17. Where is the control valve located?
  18. I installed electric activators in my doors and trunk to have a working central locking system . Its a bit of work, but got rid
    of one vacuum problem maker. Even got it now with a remote control unit. Not "original" that way, but for years to come trouble free.
    64ZCODE likes this.
  19. 64ZCODE

    64ZCODE Well-Known Member Gold Donor

    That's nice, Excaliburss. Was that a kit you purchased?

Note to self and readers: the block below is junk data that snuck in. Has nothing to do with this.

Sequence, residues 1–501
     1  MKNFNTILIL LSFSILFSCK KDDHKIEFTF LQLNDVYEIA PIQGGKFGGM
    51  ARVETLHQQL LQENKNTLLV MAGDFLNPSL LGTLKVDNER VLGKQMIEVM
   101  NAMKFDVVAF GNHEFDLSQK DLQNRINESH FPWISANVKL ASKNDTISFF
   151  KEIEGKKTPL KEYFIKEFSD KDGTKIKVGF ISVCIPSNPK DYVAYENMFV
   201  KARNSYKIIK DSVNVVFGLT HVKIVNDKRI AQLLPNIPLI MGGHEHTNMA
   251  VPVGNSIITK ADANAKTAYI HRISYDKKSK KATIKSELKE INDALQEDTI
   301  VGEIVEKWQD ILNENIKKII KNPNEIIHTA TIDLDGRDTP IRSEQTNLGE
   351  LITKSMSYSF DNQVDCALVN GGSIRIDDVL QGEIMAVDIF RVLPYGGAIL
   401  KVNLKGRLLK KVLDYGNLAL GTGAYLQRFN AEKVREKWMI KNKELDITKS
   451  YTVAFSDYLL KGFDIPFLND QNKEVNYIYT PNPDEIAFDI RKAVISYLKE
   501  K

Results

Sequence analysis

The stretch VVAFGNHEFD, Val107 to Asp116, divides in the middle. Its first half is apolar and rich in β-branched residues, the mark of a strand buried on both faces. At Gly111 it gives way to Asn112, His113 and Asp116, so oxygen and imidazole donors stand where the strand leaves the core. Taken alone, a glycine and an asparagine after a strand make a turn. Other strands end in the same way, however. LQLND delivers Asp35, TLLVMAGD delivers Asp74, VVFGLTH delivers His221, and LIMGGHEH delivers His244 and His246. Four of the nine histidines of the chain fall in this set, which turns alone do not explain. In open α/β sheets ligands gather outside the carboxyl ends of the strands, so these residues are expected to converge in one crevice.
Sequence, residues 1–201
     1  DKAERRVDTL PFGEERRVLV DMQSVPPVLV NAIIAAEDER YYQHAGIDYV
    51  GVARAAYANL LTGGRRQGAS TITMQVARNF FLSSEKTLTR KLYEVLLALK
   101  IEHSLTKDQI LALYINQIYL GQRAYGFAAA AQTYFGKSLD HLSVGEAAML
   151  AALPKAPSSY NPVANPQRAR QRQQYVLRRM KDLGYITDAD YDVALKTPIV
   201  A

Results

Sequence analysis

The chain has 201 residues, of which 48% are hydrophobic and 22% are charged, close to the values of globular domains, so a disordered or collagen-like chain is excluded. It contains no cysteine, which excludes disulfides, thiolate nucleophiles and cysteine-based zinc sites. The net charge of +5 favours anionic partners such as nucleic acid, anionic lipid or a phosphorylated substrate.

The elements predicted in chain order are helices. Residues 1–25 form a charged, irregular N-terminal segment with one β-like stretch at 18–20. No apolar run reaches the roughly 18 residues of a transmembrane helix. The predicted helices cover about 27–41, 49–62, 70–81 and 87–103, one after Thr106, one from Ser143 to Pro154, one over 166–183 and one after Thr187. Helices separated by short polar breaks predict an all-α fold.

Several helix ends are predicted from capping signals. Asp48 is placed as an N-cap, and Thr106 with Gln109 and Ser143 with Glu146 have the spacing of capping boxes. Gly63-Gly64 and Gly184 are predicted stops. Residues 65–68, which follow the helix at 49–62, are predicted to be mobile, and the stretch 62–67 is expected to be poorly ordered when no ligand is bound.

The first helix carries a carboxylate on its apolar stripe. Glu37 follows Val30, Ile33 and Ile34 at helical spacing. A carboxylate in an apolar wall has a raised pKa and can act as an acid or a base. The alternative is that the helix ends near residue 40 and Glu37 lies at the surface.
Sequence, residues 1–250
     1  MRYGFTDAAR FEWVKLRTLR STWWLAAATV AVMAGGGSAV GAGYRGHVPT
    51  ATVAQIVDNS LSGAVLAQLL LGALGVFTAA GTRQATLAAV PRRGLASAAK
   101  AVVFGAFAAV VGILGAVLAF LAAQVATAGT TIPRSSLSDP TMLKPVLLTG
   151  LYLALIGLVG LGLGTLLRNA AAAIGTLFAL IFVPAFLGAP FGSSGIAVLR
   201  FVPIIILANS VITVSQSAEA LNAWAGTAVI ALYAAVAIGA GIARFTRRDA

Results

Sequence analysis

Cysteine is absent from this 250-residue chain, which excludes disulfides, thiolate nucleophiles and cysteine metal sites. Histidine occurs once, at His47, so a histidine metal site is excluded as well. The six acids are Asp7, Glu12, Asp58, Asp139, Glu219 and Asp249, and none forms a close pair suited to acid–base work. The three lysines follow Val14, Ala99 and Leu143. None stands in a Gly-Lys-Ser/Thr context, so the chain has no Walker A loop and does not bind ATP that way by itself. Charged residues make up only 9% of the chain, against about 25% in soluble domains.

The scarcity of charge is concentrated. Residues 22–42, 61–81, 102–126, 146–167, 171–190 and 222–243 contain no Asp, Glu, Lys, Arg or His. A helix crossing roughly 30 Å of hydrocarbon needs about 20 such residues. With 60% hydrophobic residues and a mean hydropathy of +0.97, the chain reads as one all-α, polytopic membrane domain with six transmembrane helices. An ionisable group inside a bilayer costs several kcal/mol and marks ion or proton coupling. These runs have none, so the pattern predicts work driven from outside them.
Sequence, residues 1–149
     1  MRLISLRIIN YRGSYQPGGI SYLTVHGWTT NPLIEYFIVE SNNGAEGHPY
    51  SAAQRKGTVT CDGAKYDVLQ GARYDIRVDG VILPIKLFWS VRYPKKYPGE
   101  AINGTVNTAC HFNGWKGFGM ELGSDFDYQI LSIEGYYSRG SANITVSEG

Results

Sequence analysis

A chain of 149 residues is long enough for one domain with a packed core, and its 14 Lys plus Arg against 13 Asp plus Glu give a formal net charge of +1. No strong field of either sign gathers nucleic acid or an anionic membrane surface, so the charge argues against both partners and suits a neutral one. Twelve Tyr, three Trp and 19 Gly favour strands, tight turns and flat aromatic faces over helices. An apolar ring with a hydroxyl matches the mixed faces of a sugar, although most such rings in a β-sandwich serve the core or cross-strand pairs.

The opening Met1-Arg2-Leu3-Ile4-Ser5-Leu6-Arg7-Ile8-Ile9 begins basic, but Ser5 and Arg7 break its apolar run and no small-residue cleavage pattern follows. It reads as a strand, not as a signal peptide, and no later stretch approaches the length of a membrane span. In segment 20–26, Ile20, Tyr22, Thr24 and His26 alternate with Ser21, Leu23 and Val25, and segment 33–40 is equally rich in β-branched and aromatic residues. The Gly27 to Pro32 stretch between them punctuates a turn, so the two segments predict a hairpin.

20. To: OneAmongOthers-It will have to be in one of the hoses that goes to the heater core. If it doesn't have one then it must be controlled a different way such as a door in the heat/ac assembly under the dash that directs the air to either go through or bypass the heater core. If the picture you have is of the car in question (looks to me like a 67), I am sure it has a heater control valve. On my 67 it sits above and towards the back of the right (passenger side) valve cover. Again, all you have to do is look at the heater hoses and you will find it. I just looked at the shop manual on CD that I have, and it shows that the heater control valve is closed when it has vacuum applied. So you will need to hook it up to a vacuum source to keep it closed. Don't be surprised, though, when you stop the car and start up again (like if you stopped for lunch on a trip) it will put heat through the vents for a while. That is because there was no vacuum to keep the valve closed when you stopped, so when you start up again it does send some hot water through the heater core before the vacuum closes the valve. I hope this helps keep you cooler!